Stellenangebot vom 1. September 2023
Rome, Bibliotheca Herztiana – Max Planck Institute for Art History
8–10 May 2024
Submission Deadline: December 15, 2023
A category of objects that exists entirely as a function of violence, the term ‘loot’ describes a relationship of possession, if not more specifically of dispossession. Neither an historically nor materially specific typology of artifacts, loot is instead primarily a legal category that cuts across place and time. And while it is also not an art- historical classification, it is one with which the discipline of art history must constantly contend, given its repercussions for what is accessible, where, and in what condition. This international, interdisciplinary conference invites papers addressing the ways in which conflict and its resolution have historically moved, modified, and reclassified art objects in the long early modern period. We invite contributions on the material, ethical, legal, political, and narrative implications of the claiming and reclaiming of objects in times of war and peace, as well as the ongoing resonance of these issues today, particularly for institutions that are their present-day repositories.
Studies on looting have a tendency to focus on canonical episodes, most often drawn from Roman, Napoleonic, and Nazi-era plunder. But the early modern period saw the steady transfer of booties, trophies, and spoils over the European continent and across the Atlantic and the Pacific. In Europe, this transfer triggered a moral, theological, and legal debate around property rights, as well as the development of codified criteria governing correct modes of wartime conduct, regulating who was permitted to plunder, what, when, and from whom. The act of looting was itself a strategy of violence, especially in the colonial context; but looted objects themselves were also particularly susceptible to damage, neglect, and even deliberate melting down. Moreover, although often thought of as an entirely modern phenomenon, the return of seized objects was also first theorized in this period as a tool of diplomacy and cultivated alongside a nascent legislation for the protection of art against damage, destruction, or unlawful export.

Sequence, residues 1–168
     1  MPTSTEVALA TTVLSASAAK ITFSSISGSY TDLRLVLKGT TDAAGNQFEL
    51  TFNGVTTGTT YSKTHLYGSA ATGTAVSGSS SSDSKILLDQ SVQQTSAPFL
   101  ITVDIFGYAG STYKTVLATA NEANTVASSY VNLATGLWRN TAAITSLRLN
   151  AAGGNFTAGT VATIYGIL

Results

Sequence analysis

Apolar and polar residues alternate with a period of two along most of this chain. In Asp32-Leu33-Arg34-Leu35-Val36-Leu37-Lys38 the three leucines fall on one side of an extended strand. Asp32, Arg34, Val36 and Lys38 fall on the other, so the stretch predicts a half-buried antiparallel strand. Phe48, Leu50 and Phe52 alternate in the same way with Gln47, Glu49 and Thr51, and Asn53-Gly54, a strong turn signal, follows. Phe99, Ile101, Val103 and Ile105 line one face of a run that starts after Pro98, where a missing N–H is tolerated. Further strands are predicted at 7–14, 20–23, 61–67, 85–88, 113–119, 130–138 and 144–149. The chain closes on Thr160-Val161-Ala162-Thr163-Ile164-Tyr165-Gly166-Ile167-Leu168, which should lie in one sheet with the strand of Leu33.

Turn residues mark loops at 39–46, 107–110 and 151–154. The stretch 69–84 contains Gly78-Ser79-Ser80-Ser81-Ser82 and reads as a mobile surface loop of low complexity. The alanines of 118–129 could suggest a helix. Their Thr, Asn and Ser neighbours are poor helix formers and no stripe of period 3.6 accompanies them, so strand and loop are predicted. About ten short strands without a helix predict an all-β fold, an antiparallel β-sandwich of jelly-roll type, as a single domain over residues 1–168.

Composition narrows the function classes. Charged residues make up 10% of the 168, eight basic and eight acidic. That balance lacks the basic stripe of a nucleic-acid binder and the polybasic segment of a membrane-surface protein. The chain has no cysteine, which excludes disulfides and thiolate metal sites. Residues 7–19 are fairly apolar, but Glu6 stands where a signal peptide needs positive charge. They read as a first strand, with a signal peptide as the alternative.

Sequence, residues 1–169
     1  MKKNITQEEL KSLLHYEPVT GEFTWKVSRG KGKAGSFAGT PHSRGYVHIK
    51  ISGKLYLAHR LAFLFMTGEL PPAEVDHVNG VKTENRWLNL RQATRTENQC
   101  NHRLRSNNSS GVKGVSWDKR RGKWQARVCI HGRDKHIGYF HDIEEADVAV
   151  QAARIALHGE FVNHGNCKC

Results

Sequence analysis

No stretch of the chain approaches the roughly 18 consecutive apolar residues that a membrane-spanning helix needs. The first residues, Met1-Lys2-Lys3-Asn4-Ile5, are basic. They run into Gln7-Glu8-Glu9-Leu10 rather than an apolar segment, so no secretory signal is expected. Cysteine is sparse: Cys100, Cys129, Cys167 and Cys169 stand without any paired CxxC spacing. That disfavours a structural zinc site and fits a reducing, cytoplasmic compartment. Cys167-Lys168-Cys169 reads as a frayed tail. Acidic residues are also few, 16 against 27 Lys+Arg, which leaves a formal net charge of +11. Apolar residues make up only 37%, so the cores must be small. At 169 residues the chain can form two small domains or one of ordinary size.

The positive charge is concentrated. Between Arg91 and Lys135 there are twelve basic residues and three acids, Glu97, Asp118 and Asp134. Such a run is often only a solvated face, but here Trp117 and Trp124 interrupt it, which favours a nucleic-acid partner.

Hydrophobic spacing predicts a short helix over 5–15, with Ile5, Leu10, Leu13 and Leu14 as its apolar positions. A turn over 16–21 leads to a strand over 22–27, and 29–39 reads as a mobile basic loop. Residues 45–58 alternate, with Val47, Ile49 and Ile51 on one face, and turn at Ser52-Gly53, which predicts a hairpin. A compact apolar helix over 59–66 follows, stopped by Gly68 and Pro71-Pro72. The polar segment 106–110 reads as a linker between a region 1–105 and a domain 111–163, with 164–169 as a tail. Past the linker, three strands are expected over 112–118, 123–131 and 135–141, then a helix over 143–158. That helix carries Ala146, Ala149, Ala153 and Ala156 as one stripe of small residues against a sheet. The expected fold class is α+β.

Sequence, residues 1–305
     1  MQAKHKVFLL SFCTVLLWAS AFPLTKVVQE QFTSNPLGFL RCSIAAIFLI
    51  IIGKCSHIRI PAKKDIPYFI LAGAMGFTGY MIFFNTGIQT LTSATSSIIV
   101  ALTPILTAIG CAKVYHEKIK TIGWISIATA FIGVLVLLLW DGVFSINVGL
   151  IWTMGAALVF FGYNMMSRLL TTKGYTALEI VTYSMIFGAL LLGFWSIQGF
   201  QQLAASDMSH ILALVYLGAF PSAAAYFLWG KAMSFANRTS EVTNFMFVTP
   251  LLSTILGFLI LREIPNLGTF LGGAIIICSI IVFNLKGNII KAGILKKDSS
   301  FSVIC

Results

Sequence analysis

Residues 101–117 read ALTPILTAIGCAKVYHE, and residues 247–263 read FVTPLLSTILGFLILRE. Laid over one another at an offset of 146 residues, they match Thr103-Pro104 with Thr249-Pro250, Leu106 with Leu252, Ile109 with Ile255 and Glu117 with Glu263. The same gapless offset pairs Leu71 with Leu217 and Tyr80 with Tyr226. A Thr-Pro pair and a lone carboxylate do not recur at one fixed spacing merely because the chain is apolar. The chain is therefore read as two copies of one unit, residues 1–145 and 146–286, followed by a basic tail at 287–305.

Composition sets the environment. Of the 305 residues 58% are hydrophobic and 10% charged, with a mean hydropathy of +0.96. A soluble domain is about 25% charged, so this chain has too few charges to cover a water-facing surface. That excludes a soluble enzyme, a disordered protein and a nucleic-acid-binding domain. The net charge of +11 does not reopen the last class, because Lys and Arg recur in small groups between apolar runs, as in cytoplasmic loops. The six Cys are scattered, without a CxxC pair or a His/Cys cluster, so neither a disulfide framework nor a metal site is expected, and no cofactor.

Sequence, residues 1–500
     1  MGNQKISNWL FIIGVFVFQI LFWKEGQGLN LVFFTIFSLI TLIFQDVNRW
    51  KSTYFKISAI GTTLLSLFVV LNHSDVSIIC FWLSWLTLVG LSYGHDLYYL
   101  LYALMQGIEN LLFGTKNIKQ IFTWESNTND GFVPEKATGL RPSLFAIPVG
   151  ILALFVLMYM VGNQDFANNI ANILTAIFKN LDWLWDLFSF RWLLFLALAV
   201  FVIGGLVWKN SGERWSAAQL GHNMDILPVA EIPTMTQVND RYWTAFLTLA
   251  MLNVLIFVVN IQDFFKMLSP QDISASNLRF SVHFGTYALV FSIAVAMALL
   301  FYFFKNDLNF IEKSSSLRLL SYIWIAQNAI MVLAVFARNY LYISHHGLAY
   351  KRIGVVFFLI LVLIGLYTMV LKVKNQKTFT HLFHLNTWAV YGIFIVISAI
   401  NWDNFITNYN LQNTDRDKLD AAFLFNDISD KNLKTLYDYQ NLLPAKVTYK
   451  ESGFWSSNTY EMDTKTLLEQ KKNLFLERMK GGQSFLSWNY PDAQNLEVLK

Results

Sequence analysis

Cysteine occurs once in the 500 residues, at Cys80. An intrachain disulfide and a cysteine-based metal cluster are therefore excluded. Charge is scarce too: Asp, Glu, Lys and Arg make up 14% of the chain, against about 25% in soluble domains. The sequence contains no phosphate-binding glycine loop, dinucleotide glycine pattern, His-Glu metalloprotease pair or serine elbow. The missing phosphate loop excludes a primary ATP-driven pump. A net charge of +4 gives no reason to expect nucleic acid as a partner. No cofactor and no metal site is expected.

This conference revisits the early modern origins of the discourse around cultural property with an eye to the challenges facing museums today. Recently, scholarly meetings including “Plunder: An Alternative History of Art” (panel, Annual Meeting of the Association for Art History, 2022), and “The Material Cultures of War and Emergency” (conference, University College London and Oxford University, 2023) have brought attention to the long history of the taking away of things as a result of conflict. We hope to continue this conversation, expanding its purview beyond the object’s capture, to its framing, display, and possible restitution, while spotlighting medieval and Renaissance loot and its contemporary stakes.
This conference is organized by Julia Vázquez and Francesca Borgo. Following “Wastework” in 2023, this is the second yearly conference convened by the Lise Meitner Research Group “Decay, Loss, and Conservation in Art History” at the Bibliotheca Hertziana – Max Planck Institute for Art History, furthering the Research Group’s ongoing inquiry into the consequences that different forms of loss, disappearance, and degradation bear for the discipline. For more information see our webpage: https://www.biblhertz.it/research-group-borgo. A series of special presentations and pre-conference visits to local collections will launch the event. Travel and accommodation costs will be covered for speakers. Proposals will be considered for inclusion in an edited volume on loot and its recovery in the early modern period. To submit a proposal, please send your CV (including current position and affiliation), a 250-word abstract and paper title to firstname.lastname@example.org by December 15, 2023.